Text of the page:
"Life is not measured by the number of breaths we take, but by the moments that take our breath away."
The title may be the only thing remotely musical about this post. This post is not scientific, nor musical, nor psychology-related. But it is artistic, and it belongs in the blog as one of those "make the ordinary extraordinary" moments. I just had one of the most beautiful fifteen minutes of my life. I just felt like I was some character in a fiction novel. I just talked to a deer.
I was gently swinging on the swing set in my backyard, eating my hotpocket and enjoying the beautiful weather. 82 degrees Fahrenheit, sunny blue sky, gentle breeze pushing me along, my thoughts drifting, thinking about how I would no longer be in my teens soon, deer. I frooze. Deer? My eyes darted back toward the trees in the distance. About forty feet away, there stood a deer, a doe. Doe, a deer. Beautiful, tall, full-grown, majestic. She had a kind of hesitant curiosity about her, as did I. She stared at me, perhaps some fear in those eyes. I didn't want to scare her away. I wanted to let her know, "hey, I like you, you're beautiful, please stay." When my eyes met hers, we connected. That moment, everything was still and time slowed. We just didn't know what would happen next. I felt awkward being stared at so intently, and I lowered my gaze. I rested my head along the swing's chain. I let my hair drift in the wind. I smiled. No teeth, just a shy smile. I looked up again, smiling. I looked at the doe in my periphery, not directly. I could tell her eyes were still penetrating on me. And so I continued, resting my head, trying to appear natural, trying to tell her I'm not dangerous, I'm just like you, I want to be friends. I did. And then I did something funny, I bowed. I sat in that swing and lowered my head, ever so slightly, to show my respect. I was half hoping she might bow too. I could tell she wasn't as scared anymore. There was some curiosity in her eyes. I cocked my head, showing my interest as well. And then she did something.
Still staring at me, she lifted her right leg, deliberately, slowly, and then just as deliberately, stomped the ground. It wasn't a hard, angry stomp, but it was a firm, steady, stomp. I waited a little. Then I too, while still sitting on the swing, lifted my right leg, ever so slowly, and then lowered it, not as firm as the deer's placement, but with deliberation. I'm not sure what made me do it, it just felt natural. I wanted to tell her, you're the one in charge, I'm shy, I'm timid, don't be afraid of me. And then, she did it again, but with her left leg. I copied once again, with my left leg. Her left, my left, her left, my left, her right, my right, her left, my left. It continued, a sort of steady tempo of about 10 beats per minute (10 seconds between leg lifts), her leading, me following. I'm not sure how long we just did that, probably just a couple of minutes, but it felt like a long time. And then, she stopped. She walked around a little. I thought she was about to leave, but she came back. I looked around to. I started playing with my hair, pretending to groom myself. And then, I bowed again. This time, deeply, my hair touching the grass. I looked up, half expecting her to be gone, but there she was, looking at me with softened eyes. Then I lowered myself to the grass, I felt too artificial, too distanced, sitting on a man-made swing set. I made myself lower, I made myself more approachable, sitting sideways, resting my weight on one hand, like how girls sit when they're wearing a dress. The doe started walking toward me. She did seem curious. I held my breath. And then, perhaps thirty feet away, she stopped. She stomped her right leg, but this time, immediately followed it by stomping her left leg. She waited. I shifted so my weight was on both on my hands, and then gently lifted up my right, and then left hands. She stares at me. Five seconds pass. She does it again. Right leg, then left leg. I follow--right hand, left hand---and just as my left hand reaches the grass again, she suddenly lets out a tremendous snort of air, almost like a sneeze, and prances off. Really prancing, she seemed so joyful. I was in shock. I didn't know what it meant. I wonder what I had told her? It seemed so sudden, like I had just said something delightful, and she had to go and tell someone. I was in disbelief, and just stayed there half sitting, half lying on the wet grass, jeans wet but I didn't even notice.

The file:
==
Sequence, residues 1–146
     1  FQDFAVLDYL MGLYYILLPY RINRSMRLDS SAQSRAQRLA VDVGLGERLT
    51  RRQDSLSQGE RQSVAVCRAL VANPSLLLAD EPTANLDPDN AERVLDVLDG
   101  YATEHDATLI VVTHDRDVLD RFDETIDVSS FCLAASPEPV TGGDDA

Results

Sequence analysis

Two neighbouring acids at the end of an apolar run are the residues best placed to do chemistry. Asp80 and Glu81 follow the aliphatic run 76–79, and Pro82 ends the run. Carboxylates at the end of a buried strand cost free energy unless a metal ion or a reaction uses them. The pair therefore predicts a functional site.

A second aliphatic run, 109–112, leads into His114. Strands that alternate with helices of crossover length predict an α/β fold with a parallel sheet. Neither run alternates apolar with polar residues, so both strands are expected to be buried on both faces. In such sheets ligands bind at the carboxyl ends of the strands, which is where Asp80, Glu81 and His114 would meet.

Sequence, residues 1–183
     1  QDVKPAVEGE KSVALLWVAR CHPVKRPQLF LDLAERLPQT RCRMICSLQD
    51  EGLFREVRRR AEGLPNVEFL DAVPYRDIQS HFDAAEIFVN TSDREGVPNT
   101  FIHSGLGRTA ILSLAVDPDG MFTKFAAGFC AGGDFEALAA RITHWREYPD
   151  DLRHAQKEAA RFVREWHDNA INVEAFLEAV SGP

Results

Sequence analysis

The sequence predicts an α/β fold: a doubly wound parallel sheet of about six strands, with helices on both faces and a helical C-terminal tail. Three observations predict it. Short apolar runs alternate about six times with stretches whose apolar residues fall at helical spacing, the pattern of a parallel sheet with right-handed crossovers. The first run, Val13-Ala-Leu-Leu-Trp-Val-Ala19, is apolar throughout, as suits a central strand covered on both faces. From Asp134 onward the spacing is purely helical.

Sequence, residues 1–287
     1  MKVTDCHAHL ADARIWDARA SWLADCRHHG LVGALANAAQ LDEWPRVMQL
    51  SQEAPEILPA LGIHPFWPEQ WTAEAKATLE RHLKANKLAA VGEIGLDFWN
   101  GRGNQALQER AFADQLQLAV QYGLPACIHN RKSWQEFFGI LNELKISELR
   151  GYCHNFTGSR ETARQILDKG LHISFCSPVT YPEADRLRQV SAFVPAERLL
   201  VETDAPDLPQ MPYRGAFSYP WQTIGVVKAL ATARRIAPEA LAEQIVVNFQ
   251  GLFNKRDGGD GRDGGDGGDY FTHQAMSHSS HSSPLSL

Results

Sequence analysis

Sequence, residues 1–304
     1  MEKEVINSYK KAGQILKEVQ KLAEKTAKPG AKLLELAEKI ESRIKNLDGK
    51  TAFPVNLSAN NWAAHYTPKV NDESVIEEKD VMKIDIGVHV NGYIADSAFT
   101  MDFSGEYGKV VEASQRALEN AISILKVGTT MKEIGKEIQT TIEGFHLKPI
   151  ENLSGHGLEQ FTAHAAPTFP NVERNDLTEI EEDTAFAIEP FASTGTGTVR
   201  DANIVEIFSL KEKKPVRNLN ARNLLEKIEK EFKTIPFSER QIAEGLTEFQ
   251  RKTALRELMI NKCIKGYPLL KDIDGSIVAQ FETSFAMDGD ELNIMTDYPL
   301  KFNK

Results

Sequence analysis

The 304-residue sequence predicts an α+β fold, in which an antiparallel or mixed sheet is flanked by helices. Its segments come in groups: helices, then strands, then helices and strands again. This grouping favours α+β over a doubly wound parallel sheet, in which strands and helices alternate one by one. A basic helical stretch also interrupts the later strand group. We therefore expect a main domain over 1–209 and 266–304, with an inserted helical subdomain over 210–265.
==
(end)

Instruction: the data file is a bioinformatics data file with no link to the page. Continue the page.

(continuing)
And then, recovering from my daze, I returned to the swing set. I stayed there for another five minutes, thinking she might return and have something to say. Then I went inside, grabbed some corn, and returned to the swing set, waiting for her. I stayed out there another ten minutes or so, thinking about what had just happened, and realizing this was the most beautiful kind of experience I could have asked for before leaving my teen years. That doe had a kind of wisdom and maturity. I do feel more ready to grow up now.
She never returned. I'm leaving for the lake tomorrow, but I'll be back in a few days.
It's argued that theory of mind, "the ability to attribute mental states—beliefs, intents, desires, pretending, knowledge, etc.—to oneself and others and to understand that others have beliefs, desires and intentions that are different from one's own" and an important component of empathy, is unique to humans, but I think this doe I met today has theory of mind. (So I lied, this post is a bit psychology-related.)